Starting this fall, BC Ambulance Service will not only pick you up from an emergency, it will soon do home checkups in the Bulkley Valley.
Houston, Hazelton and Granisle will receive five community paramedics in total around September. The new role aims to help seniors over 65 deal with non-urgent needs such as blood pressure checks, assistance with diabetic care, medication monitoring, and recommending changes to a home to mitigate falling risks.
“Our whole goal is to help keep people at home and out of the hospital system,” said district manager Rick Loucks. “We’re going into the people’s home and seeing how they’re living and what can we do help improve that.”
Hospitals would make requests from BC Ambulance as part of outpatient care.
Houston will have two half-time community paramedics, while Granisle will get one half-time community paramedic. Hazelton will get two.
A call for resumes has closed and BC Ambulance is advancing with the selection process. Training for will start in mid-August in Prince George, before going through a familiarization process.
“We’re going to have to be looking at the needs of each community, which will be different,” said Loucks. “So, a community that has a 24-hour hospital, those needs may be different than a community that has a diagnostic care centre that’s open just during the daytime.”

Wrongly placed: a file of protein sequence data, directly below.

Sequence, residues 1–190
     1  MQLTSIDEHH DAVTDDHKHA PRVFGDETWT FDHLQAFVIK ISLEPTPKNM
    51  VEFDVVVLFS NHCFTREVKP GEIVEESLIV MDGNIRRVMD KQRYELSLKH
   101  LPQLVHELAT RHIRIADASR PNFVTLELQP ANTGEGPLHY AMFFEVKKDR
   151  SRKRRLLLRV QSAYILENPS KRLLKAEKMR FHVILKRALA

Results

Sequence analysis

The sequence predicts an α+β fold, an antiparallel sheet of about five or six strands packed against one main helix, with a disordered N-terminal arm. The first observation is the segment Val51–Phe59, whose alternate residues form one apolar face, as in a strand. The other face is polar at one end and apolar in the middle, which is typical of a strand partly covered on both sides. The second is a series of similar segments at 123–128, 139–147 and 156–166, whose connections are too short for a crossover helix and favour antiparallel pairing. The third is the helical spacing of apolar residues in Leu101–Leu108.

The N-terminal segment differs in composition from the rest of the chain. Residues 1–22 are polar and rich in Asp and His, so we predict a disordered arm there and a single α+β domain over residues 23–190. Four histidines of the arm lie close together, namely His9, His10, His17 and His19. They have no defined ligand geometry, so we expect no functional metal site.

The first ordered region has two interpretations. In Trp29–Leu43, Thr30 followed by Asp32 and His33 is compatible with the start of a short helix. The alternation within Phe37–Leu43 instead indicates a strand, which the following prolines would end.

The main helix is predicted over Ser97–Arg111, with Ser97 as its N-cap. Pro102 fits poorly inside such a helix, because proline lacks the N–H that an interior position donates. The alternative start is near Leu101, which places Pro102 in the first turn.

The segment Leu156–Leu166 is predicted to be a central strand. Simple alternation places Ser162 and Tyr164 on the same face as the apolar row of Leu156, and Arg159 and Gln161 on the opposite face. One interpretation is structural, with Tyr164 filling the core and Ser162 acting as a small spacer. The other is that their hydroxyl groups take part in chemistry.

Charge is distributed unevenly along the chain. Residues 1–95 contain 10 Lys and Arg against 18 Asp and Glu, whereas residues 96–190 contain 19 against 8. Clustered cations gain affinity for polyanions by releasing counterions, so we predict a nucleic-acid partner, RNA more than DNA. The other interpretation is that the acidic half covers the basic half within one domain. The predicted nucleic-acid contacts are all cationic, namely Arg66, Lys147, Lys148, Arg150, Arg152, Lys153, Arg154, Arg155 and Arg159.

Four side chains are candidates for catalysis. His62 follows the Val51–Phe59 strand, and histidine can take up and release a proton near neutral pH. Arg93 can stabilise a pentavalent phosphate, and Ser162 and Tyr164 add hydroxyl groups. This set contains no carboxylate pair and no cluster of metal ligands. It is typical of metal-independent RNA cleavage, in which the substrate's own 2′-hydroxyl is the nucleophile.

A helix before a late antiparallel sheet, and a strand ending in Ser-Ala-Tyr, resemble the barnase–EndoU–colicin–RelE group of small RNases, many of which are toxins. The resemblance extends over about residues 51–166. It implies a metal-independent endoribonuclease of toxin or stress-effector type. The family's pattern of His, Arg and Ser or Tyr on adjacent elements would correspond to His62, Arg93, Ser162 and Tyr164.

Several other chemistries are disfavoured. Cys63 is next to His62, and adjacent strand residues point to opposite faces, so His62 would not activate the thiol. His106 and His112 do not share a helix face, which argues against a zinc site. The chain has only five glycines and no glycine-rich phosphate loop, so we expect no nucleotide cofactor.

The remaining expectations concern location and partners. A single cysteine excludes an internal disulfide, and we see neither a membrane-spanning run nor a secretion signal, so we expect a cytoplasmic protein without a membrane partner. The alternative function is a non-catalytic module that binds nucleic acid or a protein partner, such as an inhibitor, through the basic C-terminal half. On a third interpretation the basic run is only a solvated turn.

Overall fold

BC Ambulance requires that applicants be primary care paramedics. Local applicants get priority.
Community paramedics have similar powers to primary care paramedics. They can employ certain drugs and do intravenous therapy, for example, but Loucks said community paramedics would probably not do these procedures unless in an emergency.
Community paramedics could respond to urgent situations too.
The rollout of the community paramedics scheme comes after a trials in Chetwynd, Hazelton and Fraser Lake.
“We’ve been running it for basically one year, trying to work out the bugs and making sure that we know how to build the relationships with the stakeholders we want,” said Loucks.
Smithers will not get any community paramedics at this stage.
“They already have full-time paramedics in the community, and the bigger centres where they have regional hospitals certainly have a lot more services than the remote to rural communities,” said Loucks.